May 17, 2015; Marin Independent Journal

In light of President Obama’s concerns about erroneous stereotypes in the press about poor people, another category of erroneous stereotypes comprises those inflicted on nonprofits. Fox News and others may decry poor people as “moochers,” but nonprofits often don’t fare all that much better in the public’s perception.

Some people are taking to the print media to correct the consistent misapprehensions of nonprofits foisted on the public. For example, in Marin County, California, Shiraz Kaderali of the Marin Environmental Housing Collaborative wrote an op-ed for the Marin Independent Journal, countering misinformation being spread by affordable housing critics that there is no real movement to build housing affordable to working people in Marin County (there is), that nonprofit affordable housing developments get a “free ride” (they don’t; like the Warner Creek Senior Housing development in Novato, they pay substantial fees and often taxes for schools, paramedics, and more), and that they adversely impact public school finances (they don’t in California; under the Local Control Funding Formula, the state pays the same grant per student plus a 20 percent bonus for students who are from low-income families, English learners, or foster children).

Contrary to the contentions of critics, affordable housing development has proven to be a useful and productive platform to lift poor people up and out of poverty. That is the contention of Monroe County, Indiana’s Habitat for Humanity director, Kerry Thomson. The editorial board of the Rochester Democrat & Chronicle presents a compelling argument for the importance of affordable housing in creating economic and racial diversity in inner-ring suburbs, commenting favorably on the nonprofit PathStone’s 48-unit Crerand Commons project and calling on Governor Cuomo’s administration in New York to help clear out the obstacles that could stymie the project’s second phase.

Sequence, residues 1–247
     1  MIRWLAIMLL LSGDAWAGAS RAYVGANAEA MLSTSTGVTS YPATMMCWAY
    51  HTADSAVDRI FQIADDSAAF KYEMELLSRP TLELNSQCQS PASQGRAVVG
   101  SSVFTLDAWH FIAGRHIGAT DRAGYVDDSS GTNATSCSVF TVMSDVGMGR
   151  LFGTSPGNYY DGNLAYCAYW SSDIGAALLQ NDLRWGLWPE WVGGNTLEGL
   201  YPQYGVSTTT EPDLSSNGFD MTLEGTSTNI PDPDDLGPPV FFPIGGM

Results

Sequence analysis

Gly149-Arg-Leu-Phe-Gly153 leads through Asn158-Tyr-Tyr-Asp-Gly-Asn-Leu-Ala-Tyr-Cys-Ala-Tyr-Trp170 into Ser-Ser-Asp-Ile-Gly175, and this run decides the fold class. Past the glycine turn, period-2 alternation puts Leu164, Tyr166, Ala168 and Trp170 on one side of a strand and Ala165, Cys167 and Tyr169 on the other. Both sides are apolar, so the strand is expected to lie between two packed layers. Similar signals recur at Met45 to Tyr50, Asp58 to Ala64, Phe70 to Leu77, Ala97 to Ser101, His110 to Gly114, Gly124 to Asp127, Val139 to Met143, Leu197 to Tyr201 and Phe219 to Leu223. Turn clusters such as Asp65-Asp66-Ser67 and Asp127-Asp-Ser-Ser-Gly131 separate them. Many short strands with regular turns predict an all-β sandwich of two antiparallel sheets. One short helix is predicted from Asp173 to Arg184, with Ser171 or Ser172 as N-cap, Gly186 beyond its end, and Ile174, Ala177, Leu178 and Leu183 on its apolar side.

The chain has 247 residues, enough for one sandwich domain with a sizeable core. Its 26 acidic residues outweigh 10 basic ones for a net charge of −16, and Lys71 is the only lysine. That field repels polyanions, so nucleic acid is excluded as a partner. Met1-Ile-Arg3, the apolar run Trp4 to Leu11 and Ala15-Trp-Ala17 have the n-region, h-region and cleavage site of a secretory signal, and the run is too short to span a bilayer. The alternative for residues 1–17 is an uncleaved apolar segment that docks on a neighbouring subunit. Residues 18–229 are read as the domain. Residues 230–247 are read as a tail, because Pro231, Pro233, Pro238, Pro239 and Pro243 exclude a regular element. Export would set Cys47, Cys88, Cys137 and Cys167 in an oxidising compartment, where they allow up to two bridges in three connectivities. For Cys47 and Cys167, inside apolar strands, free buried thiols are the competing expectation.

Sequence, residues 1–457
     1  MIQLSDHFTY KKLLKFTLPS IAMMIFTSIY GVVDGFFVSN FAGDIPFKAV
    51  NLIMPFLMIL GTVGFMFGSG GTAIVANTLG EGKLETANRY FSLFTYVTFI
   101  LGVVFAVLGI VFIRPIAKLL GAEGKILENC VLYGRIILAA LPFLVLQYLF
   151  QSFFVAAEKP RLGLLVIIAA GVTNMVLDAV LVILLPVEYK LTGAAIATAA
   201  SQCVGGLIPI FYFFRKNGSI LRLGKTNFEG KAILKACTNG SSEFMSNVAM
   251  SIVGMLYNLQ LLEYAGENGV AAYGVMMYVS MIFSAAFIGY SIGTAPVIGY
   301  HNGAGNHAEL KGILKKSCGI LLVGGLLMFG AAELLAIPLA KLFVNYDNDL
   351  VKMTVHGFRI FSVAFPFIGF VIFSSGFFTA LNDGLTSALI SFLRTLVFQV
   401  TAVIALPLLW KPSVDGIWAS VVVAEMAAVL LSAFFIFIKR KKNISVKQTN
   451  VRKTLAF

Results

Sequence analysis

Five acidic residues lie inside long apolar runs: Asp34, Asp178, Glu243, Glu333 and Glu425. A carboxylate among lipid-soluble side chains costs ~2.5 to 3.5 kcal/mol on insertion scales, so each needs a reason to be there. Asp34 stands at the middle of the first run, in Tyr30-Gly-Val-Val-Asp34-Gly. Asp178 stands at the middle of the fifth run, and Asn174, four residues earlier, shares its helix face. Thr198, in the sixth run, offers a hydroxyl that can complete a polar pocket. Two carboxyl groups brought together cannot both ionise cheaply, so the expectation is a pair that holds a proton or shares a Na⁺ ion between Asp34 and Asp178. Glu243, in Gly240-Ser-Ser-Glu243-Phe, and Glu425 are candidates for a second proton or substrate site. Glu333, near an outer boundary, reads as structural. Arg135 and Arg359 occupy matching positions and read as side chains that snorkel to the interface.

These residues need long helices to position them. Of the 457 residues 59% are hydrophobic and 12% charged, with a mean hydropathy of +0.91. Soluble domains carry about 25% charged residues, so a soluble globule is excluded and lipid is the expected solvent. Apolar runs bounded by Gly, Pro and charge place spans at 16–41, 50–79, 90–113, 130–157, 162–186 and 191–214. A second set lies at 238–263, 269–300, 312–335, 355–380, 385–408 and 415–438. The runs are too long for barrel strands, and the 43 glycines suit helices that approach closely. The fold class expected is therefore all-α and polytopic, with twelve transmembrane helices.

One consistent part of the misinformation story is the impression that nothing can be done in the absence of big federal commitments, and those commitments in recent and current presidential administrations have been noticeable by their absence. However, localities with strong nonprofit advocacy have been putting together affordable housing trust funds and tapping multiple revenue sources (bonds as well as city revenues). Even if the housing trust funds don’t progress, as in the recent instance of Louisville, Kentucky, the feasibility is there. There are creative possibilities for capitalizing such trust funds, such as Louisville’s plan for increasing the charge on local insurance premiums by one percent that could make headway in various circles but for the lack of political will. In Colorado, advocates have demonstrated the possibility of dedicated some portion of the unclaimed property fund for affordable housing.  Nonprofits have to take on the responsibility of explaining why affordable housing works and why housing trust funds are feasible responses to local needs. 

It’s good that some people are willing to be truth-tellers instead of apologists when it comes to the nonprofit sector. That’s the calling out that critics need, else their folklore of nonprofit misperceptions transforms into unchallenged factoids about charity and philanthropy.—Rick Cohen